Ted’s Butcherblock is proud of their monthly beer dinners. They’ve hosted them for over two years running. The food, beer, and atmosphere is anything but bland, and they get creative with it, as with a previous theme, Sticks & Stones, where Ted’s showcased Stone Brewing Company beers and all the food was served on … well, you get the point.

The theme for last Thursday’s (Jan. 28) was the Renaissance with hearty foods and old-world brews, recalling a time when a bold fermented drink and a plate full of pig were man’s greatest luxury. Historically speaking, we’d be more likely munching on stale bread and whatever small rodents let their guard down. But, appropriately, this was a meal fit for a king, all for a reasonable $38.

Making it happen are Ted’s chef, Eva Keilty and Charleston Beer Exchange owner, Scott Shor. They regularly work together to come up with pairings that fit the theme and tastes. But the beer comes first. For this dinner, Shor picked out four beers with old-world characteristics and flavors. Keilty focused on gamey meats and ingredients to highlight the beers.

To start was a smoked gouda and stout soup with a rabbit biscuit. It was paired with Dogfish Head Midas Touch, made from one of the first beer-like recipes ever discovered, scraped from barrels found in King Midas tomb. The peppery soup and spiced beer excited the tastebuds for what was coming.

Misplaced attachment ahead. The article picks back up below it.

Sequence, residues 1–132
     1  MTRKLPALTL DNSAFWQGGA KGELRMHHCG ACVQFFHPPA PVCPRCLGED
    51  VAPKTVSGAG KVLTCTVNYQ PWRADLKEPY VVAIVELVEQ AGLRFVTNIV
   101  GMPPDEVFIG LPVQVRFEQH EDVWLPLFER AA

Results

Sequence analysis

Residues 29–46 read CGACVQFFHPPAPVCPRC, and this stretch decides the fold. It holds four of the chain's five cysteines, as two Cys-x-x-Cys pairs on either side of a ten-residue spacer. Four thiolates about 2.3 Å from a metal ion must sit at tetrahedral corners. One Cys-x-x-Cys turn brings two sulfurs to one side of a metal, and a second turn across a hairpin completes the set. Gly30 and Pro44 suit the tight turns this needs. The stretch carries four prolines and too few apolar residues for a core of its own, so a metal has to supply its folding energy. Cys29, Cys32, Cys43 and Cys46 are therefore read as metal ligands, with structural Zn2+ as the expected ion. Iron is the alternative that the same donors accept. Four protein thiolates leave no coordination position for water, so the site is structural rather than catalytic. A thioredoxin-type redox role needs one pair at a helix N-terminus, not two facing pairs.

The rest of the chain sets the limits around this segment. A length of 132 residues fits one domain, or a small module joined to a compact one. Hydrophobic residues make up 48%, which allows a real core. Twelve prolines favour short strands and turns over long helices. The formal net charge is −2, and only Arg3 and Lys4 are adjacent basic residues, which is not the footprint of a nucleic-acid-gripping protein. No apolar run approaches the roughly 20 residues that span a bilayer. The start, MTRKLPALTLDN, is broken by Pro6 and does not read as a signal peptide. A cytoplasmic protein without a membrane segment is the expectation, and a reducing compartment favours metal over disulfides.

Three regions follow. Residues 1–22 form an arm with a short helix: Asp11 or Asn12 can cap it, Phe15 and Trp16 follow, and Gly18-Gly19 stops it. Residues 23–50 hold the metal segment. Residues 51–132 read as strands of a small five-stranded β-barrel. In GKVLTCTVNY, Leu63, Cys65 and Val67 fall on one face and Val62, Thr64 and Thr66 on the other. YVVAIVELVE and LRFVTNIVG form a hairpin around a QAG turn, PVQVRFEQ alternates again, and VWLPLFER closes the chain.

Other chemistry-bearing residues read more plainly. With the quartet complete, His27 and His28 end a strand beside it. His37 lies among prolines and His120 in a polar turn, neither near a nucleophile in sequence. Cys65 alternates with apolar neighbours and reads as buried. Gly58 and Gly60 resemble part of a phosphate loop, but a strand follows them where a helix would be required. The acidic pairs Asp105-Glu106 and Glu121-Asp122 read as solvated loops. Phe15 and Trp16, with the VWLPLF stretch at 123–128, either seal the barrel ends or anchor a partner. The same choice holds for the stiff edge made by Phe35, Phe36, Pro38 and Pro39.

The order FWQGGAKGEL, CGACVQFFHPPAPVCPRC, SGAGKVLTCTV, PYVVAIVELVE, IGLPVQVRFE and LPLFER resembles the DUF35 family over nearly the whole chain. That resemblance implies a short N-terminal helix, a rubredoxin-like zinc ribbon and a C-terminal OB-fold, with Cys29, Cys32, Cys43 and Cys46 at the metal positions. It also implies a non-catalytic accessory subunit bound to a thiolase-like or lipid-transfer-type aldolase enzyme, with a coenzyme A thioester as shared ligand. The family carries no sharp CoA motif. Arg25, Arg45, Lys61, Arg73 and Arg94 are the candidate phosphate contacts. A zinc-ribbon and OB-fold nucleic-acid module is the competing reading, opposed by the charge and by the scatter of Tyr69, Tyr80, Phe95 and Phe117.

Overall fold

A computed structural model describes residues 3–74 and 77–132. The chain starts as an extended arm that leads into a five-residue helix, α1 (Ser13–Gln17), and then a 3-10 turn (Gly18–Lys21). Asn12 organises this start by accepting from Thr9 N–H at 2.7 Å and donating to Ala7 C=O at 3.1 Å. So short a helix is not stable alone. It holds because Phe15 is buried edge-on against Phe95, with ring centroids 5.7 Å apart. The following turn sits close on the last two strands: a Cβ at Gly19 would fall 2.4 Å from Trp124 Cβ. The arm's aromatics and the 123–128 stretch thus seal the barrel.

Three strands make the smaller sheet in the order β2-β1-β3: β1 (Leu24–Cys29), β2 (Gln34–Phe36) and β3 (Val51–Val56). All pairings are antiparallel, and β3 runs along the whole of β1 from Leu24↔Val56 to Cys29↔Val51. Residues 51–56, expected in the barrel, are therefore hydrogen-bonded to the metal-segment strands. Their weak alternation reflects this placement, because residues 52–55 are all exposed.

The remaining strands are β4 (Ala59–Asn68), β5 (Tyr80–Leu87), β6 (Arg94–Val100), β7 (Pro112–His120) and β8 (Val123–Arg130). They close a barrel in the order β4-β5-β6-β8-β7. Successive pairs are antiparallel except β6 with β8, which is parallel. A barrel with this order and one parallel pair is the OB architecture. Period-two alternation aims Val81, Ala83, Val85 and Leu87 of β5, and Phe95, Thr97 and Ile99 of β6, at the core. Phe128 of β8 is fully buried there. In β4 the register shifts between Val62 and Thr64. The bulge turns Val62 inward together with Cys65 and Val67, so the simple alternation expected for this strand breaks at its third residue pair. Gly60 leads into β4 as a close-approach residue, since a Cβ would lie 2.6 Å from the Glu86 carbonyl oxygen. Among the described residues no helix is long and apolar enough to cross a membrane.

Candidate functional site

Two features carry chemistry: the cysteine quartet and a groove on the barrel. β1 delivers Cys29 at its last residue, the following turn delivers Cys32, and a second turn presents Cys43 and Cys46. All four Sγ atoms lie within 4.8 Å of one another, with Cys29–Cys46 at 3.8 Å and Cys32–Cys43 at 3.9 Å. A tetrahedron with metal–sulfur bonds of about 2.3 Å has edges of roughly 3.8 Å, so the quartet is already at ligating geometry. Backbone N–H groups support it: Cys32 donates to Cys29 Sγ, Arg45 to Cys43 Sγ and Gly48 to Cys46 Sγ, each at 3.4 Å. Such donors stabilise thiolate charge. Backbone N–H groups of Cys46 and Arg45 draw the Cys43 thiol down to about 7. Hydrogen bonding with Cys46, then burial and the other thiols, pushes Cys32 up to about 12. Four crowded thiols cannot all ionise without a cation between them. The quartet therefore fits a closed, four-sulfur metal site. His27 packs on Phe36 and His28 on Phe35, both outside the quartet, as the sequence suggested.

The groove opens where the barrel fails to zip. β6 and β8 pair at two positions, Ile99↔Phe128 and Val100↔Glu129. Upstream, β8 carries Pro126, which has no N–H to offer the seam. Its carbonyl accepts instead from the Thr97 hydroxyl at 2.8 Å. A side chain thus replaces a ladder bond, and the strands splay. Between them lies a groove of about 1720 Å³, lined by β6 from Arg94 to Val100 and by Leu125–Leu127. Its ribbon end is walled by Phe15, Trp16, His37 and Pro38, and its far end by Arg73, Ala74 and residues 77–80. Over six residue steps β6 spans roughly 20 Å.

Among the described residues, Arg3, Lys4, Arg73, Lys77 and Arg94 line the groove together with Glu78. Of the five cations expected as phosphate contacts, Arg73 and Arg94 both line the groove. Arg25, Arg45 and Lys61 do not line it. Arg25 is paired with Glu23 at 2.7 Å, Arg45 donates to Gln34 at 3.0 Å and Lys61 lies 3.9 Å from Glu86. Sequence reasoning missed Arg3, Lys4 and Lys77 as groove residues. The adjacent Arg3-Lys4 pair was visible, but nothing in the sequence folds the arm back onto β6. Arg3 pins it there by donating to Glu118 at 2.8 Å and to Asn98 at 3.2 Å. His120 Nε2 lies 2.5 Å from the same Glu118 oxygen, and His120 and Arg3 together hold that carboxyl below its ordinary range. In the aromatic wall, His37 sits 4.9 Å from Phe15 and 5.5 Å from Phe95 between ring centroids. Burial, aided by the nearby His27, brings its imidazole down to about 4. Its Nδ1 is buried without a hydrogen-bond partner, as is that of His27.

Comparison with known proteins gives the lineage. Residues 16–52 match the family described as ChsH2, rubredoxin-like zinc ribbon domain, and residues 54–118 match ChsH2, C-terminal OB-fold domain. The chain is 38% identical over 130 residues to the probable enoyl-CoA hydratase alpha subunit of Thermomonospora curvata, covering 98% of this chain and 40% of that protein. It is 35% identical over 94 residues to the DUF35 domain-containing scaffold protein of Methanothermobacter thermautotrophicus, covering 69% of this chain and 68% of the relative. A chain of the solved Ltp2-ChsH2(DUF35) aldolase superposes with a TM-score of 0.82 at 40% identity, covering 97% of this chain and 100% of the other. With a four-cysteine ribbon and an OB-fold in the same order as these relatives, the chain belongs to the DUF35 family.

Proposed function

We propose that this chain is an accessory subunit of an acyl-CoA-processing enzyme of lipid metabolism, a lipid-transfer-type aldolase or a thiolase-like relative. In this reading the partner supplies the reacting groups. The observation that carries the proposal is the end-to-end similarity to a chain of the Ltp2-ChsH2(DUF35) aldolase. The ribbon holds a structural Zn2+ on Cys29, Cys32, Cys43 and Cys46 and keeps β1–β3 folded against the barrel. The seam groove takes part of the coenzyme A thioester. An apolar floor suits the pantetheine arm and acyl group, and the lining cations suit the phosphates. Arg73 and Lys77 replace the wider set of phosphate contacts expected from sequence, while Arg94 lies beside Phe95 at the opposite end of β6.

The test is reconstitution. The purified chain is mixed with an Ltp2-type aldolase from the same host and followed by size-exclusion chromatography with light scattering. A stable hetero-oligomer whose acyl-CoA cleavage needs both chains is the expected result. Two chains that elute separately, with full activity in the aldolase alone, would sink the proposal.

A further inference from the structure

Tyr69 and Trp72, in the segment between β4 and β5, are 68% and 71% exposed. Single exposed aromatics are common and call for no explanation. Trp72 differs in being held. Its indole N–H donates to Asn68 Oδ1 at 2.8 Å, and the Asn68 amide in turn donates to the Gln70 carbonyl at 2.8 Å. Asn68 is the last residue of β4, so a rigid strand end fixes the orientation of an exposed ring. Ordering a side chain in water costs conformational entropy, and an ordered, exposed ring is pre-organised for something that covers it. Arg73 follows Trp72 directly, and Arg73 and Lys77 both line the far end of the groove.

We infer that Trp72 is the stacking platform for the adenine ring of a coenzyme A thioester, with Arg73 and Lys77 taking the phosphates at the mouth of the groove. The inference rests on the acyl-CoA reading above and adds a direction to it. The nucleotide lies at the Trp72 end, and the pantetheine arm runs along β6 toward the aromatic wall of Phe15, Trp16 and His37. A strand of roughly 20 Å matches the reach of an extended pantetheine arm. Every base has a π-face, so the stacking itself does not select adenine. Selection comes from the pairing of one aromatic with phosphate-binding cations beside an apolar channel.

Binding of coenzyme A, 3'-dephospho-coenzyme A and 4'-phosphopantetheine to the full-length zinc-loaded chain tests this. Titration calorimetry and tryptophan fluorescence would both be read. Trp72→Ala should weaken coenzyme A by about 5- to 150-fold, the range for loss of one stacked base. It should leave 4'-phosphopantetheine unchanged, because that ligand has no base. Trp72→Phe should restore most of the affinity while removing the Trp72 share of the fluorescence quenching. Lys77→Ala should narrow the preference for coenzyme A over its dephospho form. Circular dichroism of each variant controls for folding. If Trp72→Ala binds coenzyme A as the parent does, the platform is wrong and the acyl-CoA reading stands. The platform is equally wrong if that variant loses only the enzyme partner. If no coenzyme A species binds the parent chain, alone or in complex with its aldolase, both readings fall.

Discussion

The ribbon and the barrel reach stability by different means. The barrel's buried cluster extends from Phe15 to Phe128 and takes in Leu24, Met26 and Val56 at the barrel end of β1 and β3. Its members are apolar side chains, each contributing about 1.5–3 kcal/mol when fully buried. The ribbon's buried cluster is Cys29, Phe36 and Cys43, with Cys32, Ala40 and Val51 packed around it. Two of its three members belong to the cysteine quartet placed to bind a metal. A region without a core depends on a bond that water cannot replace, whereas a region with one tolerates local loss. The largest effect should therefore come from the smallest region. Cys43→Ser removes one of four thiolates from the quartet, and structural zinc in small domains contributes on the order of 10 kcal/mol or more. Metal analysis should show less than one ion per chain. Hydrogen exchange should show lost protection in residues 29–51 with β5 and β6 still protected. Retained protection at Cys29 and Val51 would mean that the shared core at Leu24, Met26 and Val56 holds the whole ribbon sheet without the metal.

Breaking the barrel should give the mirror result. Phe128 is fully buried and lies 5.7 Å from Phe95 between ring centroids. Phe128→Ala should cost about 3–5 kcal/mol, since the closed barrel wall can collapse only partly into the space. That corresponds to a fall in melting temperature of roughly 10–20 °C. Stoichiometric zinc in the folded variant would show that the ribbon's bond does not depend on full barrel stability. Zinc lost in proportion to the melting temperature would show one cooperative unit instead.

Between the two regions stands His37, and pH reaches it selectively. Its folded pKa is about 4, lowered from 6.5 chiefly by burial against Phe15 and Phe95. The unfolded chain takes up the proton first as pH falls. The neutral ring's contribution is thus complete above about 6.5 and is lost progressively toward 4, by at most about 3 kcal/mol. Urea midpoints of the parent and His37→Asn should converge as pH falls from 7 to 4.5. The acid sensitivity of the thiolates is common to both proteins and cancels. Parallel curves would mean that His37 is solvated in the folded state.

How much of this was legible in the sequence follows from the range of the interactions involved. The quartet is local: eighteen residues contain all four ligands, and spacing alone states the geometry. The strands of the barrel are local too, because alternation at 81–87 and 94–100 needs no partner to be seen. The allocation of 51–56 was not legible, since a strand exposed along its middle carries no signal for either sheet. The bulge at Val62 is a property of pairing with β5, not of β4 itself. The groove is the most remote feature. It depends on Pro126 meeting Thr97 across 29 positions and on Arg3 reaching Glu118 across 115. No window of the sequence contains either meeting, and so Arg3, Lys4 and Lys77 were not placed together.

The second dish paired a grilled duck and pork sausage (with fennel and juniper) with Maximator, a doppelbock from German brewery Augustiner-Bräu. The dark-hued beer has molasses and caramel flavors that knocked out lingering spice from the dish.

Arguably the best dish came third — a rye and cherry stuffed pork loin topped with a rutabaga hock reduction and local veggies. If they were eating this at the round table, they had it made. The dish was paired with Monk’s Café Flemish Sour Ale. Aged in red wine barrels, the beer had an intensely fruity character, hinting lime peels and cherry.

After a short intermission, dessert arrived. In Keilty’s words, it was an “obscene” malted honey walnut cake with Guinness caramel turtle sauce, paired with New Holland Pilgrim’s Dole, a wheat ale aged in Kentucky Bourbon barrels with a syrupy start and malty finish.

The last course brought toasts to Ted’s, his beer dinners becoming a Charleston tradition. It was a festive event, with music from Monty Python’s Holy Grail and Ted acting, at once, as host and court jester.

Coming up this month at Ted’s are weekly Friday night wine tastings and Ted’s Food Trivia, the second Wednesday of every month. The events feature Spanish-style tapas and Ted as the emcee.